This afternoon, while working on this very post by looking through my blog feed to avoid doing any actual writing, this post from Lupa, one of my favorite modern pagan authors (translation: one of the ones whose path I feel has the most affinity with my own path), came up in my feed. In it, she says, "there are things I’ve left behind me as I’ve carried along my path. Rituals, for example. I no longer do much in the way of formal ritual, unless it’s a very special occasion." And I thought, "Me too!" I remember doing tons of rituals when I was a baby pagan and had just learned of Wicca. I'd be sitting there with candle and Cunningham's in my fists, trying to breath properly and connect with a Lord and a Lady I wouldn't have known from Adam and Eve.

Deeper into Lupa's article, she shares this gem: "When I did formal rituals before, a lot of my purpose was to find connection to the sacred. Now I recognize that I am immersed in the sacred at all times, and my goal is not to find the sacred but to remind myself of it, both in thought and action."

Yes. Yes. Yes. So much YES. Exactly! So if I can just get the handfasting (and other rituals) to reflect that idea, I'll be alright.

(Incidentally, later in that same paragraph Lupa mentions working out of Cunningham's Guide for the Solitary Practitioner in her early days. I lol'd, companionably, with the mental image of that book cover burned into my retinas.) 


Yeah, I'll probably post all about the handfasting when I get it all figured out. No worries, y'all.
And I'll post the ritual I come up with for the house blessing, too.

By the way, I'm sharing this over at the Pagan Experience. Then I'm gonna read what everyone else over there has to say about the subject. Happy reading!


Oh crap, I forgot to get back to you on the circle casting thing.
Well, basically I feel like every space is sacred, so it's a bit arrogant to say I'm creating sacred space, eh? But there are practical reasons too. For one thing (and Lupa describes this in her article, linked above, too), I just don't need it anymore. I can focus on the sacred without the activities of creating a circle. Also I don't want to cut off the 'outside' world from what I'm doing 'inside' the circle. I'm seeking connection, so why cut myself off? Anyway that's my take on it.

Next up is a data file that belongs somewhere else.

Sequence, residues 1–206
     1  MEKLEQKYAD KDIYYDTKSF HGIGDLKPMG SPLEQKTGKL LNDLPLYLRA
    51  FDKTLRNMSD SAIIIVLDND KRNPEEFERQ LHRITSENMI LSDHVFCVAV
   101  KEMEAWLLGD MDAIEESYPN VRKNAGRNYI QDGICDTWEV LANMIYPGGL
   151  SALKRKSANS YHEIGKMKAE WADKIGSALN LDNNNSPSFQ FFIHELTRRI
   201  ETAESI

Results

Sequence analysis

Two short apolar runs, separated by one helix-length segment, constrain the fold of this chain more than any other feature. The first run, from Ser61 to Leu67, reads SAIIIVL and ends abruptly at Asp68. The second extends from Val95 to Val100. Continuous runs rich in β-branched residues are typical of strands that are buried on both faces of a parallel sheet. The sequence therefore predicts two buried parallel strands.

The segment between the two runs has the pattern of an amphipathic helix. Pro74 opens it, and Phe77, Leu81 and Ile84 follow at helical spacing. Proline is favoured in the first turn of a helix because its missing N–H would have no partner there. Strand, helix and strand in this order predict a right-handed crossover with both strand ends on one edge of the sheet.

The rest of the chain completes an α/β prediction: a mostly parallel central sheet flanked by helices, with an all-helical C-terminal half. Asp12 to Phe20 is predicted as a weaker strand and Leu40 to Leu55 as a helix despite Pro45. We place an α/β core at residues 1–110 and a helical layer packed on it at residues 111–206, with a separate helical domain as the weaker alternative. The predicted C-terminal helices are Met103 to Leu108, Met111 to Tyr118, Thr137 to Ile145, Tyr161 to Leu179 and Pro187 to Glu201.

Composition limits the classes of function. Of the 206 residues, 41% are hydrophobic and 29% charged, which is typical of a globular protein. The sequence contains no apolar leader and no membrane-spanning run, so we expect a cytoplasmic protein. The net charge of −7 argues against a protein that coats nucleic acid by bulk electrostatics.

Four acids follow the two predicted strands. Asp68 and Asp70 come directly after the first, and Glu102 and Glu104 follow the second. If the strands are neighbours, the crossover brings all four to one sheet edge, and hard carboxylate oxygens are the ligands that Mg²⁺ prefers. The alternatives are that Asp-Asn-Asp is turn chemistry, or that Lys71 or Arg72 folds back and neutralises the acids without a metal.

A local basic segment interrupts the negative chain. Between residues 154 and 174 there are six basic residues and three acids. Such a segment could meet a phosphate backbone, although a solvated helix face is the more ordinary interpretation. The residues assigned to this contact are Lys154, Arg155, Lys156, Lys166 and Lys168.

1. Holy crap, all that, yes! You verbalized that all in a way I have been struggling with. I tend to think of circle as a filter. Keep out the distractions and let in the important stuff, like the dog that wanders in and out ;)

    1. Yep. Dogs are why I don't sit on the floor to do rituals any more, lol

  2. Katy,

    I truly understand your situation & I have "been there," not for a "handfasting," but plenty of other ceremonial quandaries where I developed something from what seemed like nothing (yet it is all already there, you simply need to find a way tap it).

    I am currently obsessed with the writings of Austin Osman Spare who, after a brief stint in the Ceremonial Magick milieu (& also allegedly "trained" as a youth by a traditional Witch), developed his own system & mythos. Some of it is amazing, some might be bat-guano crazy, but his words came to mind immediately when I read your thoughts above:

    "Know all ritual, ceremony, conditions, as arbitrary (you have yourself to please), a hindrance and confusion; their origin was for amusement, later for the purpose of deceiving other from knowing the truth and inducing ignorance; and as always happens their high priests were the more deceived themselves. He who deceives another deceives himself much more. Therefore know the Charlatans by their love of rich robes, ceremony, ritual, magical retirements, absurd conditions, and other stupidity, too numerous to relate. Their entire doctrine a boastful display, a cowardice hungering for notoriety; their standard everything unnecessary, their certain failure assured. Hence it is that those with some natural ability quickly lose it by their teaching. They can only dogmatise, implant and multiply that which is entirely superficial. Were I a teacher I should not act as master, as knowing more, the pupil could lay no claim to discipleship. Assimilating slowly, he would not be conscious of his learning, he would not repeat the vital mistake; without fear he would accomplish with ease. The only teaching possible is to show a man how to learn from his own wisdom, and to utilise his ignorance and mistakes. Not by obscuring his vision and intention by righteousness."

    In other words, follow your heart, instincts, intuition & it will be just exactly right. Much luck to you. :)

    1. "It is all already there, you simply need to find a way to tap it." - I forget that, when I start trying to do things like this. That reminder is always timely, always helpful.

      What a great passage from Spare! ( Who I hadn't heard before. I'll have to check him out.) It reminds me of something I read today, in a Terry Pratchett's "Equal Rites," regarding the nature of most magic: "It isn't what you know, it's what other people don't know."

      But, this part of the passage you shared is my favorite: "The only teaching possible is to show a man how to learn from his own wisdom, and to utilise his ignorance and mistakes. Not by obscuring his vision and intention by righteousness."

      Thanks for the confidence. :)